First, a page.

The past week has again been full of stories about the political brinksmanship surrounding the Leaders Debates ahead of the forthcoming election. Historically, the UK has lagged behind other countries in holding debates designed for leaders to clash before an election, which perhaps results from our parliamentary, rather than presidential, political system. However as politics in the UK has changed and the role of party leaders has become increasingly dominant, there is increasingly an expectation from the public that party leaders will be at the heart of any election campaign.
The creation of the Leaders Debates in 2010 serve as a manifestation of that trend, and followed years of negotiations, with the closest predecessor to those in the UK being in 2005, where Tony Blair, Michael Howard and Charles Kennedy were each grilled by David Dimbleby on BBC. Previous Prime Ministers such as Thatcher, Major and Blair had all rejected the chance to engage in a leaders debate although, and perhaps uniquely Thatcher also turned down an invitation from Callaghan to debate in 1979 when she was Leader of the Opposition, explicitly arguing that such debates would be too presidential for the UK.
At the last election, the debates undoubtedly had a significant impact on the election campaign, even if the impact on results was more understated. The primary storyline over the course of the 2010 debates was ‘Cleggmania,’ which ended with the Liberal Democrats seeing an increase in their share of the vote, but actually a reduction in their number of MPs. Despite receiving large TV audiences, the way that the debates came to characterise the campaign as a whole received criticism from some quarters. As a result, that the second series of debates has proved to be in some ways more problematic perhaps isn’t surprising; the second US Presidential Debate took place in 1976, some 16 years after the inaugural clash between Nixon and JFK.
Of course, it isn’t just leaders debates that get people engaged with politics at election time. Most constituencies across the country hold hustings, where candidates for Westminster vie with one another to prove their local knowledge and get voters backing their campaign. Hustings used to actually serve as the formal mechanism for the nomination of a candidate to public office. Whilst this formal role has long since been replaced, the chance to bring together representatives from political parties to verbally joust and debate remains important for any representative democracy.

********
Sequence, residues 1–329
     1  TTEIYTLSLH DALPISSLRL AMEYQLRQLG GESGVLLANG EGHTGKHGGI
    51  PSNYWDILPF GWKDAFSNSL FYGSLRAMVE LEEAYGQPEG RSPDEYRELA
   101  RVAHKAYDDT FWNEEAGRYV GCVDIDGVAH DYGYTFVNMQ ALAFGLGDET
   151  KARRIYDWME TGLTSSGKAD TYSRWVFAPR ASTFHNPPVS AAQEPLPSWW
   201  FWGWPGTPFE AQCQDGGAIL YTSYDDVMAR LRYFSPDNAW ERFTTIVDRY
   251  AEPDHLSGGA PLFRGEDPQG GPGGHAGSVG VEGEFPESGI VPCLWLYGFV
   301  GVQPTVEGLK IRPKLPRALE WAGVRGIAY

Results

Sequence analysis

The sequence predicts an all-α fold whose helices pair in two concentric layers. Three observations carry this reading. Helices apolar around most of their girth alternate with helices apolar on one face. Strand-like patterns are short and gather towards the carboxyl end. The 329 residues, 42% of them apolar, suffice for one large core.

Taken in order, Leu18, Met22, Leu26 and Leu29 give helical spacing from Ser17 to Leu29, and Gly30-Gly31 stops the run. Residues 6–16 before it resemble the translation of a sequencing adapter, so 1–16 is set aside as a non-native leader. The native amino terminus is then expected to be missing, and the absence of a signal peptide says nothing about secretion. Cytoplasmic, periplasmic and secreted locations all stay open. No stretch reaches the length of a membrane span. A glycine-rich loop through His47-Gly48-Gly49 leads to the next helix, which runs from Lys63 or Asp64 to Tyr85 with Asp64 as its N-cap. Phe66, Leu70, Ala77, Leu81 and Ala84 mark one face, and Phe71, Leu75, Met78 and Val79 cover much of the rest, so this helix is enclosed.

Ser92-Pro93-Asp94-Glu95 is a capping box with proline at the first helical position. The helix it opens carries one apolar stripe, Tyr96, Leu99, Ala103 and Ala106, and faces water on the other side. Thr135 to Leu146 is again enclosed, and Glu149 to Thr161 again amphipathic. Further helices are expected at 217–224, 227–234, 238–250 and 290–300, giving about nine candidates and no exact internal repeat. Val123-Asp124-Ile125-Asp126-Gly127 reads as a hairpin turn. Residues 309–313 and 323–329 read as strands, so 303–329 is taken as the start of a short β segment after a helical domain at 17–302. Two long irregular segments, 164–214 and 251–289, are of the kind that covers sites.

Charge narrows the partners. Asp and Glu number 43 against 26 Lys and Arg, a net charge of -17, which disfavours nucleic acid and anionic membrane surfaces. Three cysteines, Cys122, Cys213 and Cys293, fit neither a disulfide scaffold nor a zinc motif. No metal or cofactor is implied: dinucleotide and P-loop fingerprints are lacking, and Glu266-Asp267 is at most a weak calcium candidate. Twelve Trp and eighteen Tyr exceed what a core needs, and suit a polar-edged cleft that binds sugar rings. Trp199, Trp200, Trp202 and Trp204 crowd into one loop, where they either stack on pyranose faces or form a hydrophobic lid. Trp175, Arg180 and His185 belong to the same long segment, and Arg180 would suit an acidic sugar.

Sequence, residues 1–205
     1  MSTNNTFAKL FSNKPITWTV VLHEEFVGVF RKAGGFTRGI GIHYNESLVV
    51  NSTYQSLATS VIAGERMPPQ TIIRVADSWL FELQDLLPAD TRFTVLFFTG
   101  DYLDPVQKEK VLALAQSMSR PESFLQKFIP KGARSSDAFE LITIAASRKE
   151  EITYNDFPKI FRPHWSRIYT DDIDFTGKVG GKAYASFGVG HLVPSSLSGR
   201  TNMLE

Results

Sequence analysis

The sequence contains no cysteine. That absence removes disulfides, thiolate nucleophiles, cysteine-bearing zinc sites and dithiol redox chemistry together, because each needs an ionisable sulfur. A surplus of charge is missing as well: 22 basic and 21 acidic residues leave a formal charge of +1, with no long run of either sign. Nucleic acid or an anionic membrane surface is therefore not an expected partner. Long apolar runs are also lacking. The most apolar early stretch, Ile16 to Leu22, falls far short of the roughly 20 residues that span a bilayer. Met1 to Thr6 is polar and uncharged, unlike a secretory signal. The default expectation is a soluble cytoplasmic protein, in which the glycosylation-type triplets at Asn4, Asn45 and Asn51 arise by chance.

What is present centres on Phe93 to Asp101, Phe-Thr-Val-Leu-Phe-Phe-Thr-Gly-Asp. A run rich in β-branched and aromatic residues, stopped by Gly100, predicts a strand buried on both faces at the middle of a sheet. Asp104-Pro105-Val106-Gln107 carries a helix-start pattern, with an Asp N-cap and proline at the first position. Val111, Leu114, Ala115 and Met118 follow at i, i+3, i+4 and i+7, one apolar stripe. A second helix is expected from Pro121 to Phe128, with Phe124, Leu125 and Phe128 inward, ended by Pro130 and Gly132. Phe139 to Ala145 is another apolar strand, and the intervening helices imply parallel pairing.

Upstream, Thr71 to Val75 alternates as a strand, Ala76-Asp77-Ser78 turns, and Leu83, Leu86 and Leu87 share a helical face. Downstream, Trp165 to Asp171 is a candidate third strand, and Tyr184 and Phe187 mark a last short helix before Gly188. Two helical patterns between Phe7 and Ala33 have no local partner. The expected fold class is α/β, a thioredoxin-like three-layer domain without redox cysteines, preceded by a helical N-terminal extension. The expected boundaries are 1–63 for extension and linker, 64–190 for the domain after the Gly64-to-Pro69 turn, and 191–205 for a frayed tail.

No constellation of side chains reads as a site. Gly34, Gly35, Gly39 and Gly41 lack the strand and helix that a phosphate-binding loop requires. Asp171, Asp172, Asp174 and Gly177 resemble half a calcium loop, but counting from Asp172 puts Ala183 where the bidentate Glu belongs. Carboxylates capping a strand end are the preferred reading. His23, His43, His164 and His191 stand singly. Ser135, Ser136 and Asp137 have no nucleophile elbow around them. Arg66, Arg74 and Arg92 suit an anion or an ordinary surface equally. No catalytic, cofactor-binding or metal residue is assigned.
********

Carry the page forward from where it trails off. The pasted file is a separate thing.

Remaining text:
In addition to leaders debates, other policy areas are now opened up to nationwide hustings too. In 2010, for example, in addition to the clashes between Brown, Cameron and Clegg, debates were held on foreign affairs, crime, the environment, business, health, education, immigration and trust in politics, in addition to the high-profile Chancellors’ Debate.
As part of our ongoing activity to ensure that the needs of the charity sector remain firmly on the political agenda throughout the election campaign, CAF has partnered with ACEVO to host the Social Leaders Debate, which will serve as a hustings for the voluntary sector. Taking place at Church House in Westminster, we’ll be joined by representatives from the Conservatives (Rob Wilson MP), the Green Party (Bill Rigby), Labour (Lisa Nandy MP), Lib Dems (Tom Brake MP) and UKIP (Nathan Gill MEP) for a discussion about the future of the sector, and each representative will have the chance to explain what their policies would mean if they emerge successful in May.
Shortly beforehand, we’ll be publishing the results of research seeking to explore the mood in the sector, including investigating levels of optimism amongst charity leaders, and what their primary aims and concerns are for the duration of the next Parliament. With MPs and candidates across the country already in the middle of gruelling campaigns, it’s vital to ensure that they are attuned to the concerns of charities in their constituency.
Equally, it’s important for charities to have insight into what the result of the election (and this year the possibilities seem endless) might mean for sector policy. Whilst the Social Leaders Debate aims to draw out the positions that each party is taking, it won’t be until manifestos are published that charities have a better idea about where each party stands. We will of course be bringing analysis of manifestos and what they mean for the sector as and when each is published.
In the meantime, if you’re interested in finding out more about the Social Leaders Debate, you can read about it and register by clicking here.